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Germany's interior minister has begun talks at the White House over claims that the US snooped on German citizens. Germany's opposition Social Democrats urged Hans-Peter Friedrich to seek answers and avoid "show talks."
Senior German and US officials held talks in Washington on Friday over claims by the whistleblower Edward Snowden of mass US surveillance of communications, including private data of German citizens.
Visiting the White House, Friedrich met a security advisor to President Barack Obama, Lisa Monaco. They agreed to more transparency on secret service issues, according to the German news agency DPA. Friedrich was also due to meet US Attorney General Eric Holder, before attending a press conference.
Earlier, Friedrich's spokesman, Jens Teschke, had said the interior minister would seek to "restore trust that had been lost" and to make clear that "Germans have a special sensitivity to the topics of the private sphere and data privacy."
Ahead of a federal election on September 22, the issue has grabbed headlines in Germany, where memories remain of repression by the Stasi secret police in former East Germany and by the Gestapo during Hitler's former Nazi regime.
'Don't trivalize,' says Gabriel
The chairman of Germany's center-left Social Democrats, Sigmar Gabriel, told German DLR public radio on Friday that Friedrich should "not trivialize" the surveillance issue and avoid "show talks."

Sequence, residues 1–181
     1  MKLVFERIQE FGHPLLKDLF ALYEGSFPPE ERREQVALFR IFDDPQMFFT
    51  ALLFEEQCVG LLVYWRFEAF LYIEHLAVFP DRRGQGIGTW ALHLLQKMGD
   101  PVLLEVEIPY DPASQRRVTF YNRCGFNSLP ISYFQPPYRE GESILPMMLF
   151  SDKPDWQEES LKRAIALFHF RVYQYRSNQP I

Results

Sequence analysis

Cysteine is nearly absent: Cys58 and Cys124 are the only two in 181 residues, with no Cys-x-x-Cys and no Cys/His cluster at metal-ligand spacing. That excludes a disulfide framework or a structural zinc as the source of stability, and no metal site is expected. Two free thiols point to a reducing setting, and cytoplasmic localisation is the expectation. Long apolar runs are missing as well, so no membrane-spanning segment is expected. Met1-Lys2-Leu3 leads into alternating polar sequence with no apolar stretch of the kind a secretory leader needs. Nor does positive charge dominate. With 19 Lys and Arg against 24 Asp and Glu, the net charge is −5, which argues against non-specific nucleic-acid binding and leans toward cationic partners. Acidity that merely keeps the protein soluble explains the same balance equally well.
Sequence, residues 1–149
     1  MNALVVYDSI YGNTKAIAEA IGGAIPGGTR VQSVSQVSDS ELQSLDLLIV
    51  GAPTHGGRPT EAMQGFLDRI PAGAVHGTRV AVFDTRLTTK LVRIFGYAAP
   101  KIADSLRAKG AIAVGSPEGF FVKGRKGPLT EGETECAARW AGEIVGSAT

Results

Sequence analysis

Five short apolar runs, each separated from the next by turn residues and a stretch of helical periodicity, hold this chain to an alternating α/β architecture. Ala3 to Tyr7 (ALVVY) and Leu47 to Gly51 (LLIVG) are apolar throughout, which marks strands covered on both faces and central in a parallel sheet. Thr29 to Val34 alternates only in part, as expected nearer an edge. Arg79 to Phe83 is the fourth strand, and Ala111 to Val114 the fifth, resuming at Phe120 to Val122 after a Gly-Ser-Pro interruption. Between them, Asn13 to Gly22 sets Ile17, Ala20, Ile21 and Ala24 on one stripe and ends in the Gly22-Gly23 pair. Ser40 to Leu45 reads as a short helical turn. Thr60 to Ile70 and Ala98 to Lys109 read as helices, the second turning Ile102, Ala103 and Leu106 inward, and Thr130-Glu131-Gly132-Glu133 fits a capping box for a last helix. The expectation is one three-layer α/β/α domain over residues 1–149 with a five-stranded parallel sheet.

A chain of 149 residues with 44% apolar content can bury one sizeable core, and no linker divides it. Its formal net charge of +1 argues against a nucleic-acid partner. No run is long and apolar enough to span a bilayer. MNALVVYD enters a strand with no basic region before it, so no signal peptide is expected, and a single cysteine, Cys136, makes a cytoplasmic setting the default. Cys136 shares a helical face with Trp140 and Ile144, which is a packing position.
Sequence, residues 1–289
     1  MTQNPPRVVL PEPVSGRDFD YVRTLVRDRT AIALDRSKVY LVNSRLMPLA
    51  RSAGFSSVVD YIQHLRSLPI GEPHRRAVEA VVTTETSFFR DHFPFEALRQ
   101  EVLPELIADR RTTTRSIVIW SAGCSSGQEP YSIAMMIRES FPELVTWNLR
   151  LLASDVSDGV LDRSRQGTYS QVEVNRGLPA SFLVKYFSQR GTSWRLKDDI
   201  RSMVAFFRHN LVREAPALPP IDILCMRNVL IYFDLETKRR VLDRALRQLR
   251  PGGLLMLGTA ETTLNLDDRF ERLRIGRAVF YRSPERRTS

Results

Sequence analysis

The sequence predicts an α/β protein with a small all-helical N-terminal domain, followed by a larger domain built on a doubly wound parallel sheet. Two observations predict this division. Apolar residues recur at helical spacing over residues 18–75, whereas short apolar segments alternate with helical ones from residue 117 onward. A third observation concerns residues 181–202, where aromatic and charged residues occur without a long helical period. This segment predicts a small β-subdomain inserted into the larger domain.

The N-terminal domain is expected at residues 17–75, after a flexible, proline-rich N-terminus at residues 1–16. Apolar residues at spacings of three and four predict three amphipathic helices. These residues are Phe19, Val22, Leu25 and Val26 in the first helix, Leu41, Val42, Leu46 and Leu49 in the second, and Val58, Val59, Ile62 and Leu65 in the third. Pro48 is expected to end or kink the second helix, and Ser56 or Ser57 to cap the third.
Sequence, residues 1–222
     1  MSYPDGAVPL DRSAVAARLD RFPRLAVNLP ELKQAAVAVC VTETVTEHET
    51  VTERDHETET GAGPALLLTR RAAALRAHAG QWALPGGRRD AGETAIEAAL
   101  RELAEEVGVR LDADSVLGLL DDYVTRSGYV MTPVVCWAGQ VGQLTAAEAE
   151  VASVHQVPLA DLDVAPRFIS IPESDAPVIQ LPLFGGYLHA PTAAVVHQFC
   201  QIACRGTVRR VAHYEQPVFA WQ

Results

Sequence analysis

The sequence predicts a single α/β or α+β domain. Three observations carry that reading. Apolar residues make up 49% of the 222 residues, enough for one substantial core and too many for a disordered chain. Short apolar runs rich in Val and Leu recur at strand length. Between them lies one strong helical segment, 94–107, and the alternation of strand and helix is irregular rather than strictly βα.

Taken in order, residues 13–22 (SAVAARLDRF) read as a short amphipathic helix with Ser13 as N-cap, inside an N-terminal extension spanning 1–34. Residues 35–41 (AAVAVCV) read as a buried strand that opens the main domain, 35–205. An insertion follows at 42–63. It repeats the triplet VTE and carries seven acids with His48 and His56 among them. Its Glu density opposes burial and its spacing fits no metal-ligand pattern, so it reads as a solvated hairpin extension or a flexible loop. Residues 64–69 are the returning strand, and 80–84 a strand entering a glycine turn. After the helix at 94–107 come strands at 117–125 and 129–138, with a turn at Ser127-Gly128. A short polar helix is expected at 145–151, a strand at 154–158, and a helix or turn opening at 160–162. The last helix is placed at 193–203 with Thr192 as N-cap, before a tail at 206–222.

"That is forbidden; that is a criminal act; that is a violation of Article 10 of our constitution. And, I find that one should not play this down," Gabriel said.
If the US secret services even eavesdropped on the EU Commission in Brussels, then that has nothing more to do with combating terrorism, Gabriel added. "Then it simply amounts to economic espionage."
Gabriel's remarks stemmed from documented claims made by Snowden and reported by outlets such as Britain's Guardian newspaper and the German news magazine Der Spiegel that the US National Security Agency (NSA) kept tabs on phone calls, emails and mobile phone messages in the EU's largest economy.
Alarm sounded by data privacy commissioner
Germany's federal data protection commissioner Peter Schaar warned German users of online services provided the US concern Microsoft that the NSA could be spying on their communications.
Schaar was reacting to a report by the Guardian on Friday that Microsoft had cooperated with the NSA by allowing access to emails on several Microsoft portals before messages were encrypted.
US law allowed interception of communications data on a "very wide scale" and without prior judicial approval for the targeting of named suspects, Schaar told Bavarian BR public broadcasting.
Merkel defends links
In remarks published Wednesday by Germany's weekly newspaper Die Zeit, German Chancellor Angela Merkel denied prior knowledge of mass NSA surveillance of German citizens. She defended the role of secret services in preventing terror attacks in recent years.
On Thursday, Friedrich said "without tips from the United States and good cooperation between our secret services, we would most likely not have been able to prevent terror attacks in Germany."
Friedrich is due to brief German parliamentarians about his discussions in Washington after he returns to Berlin on Saturday.
ipj/rc (AFP, dpa)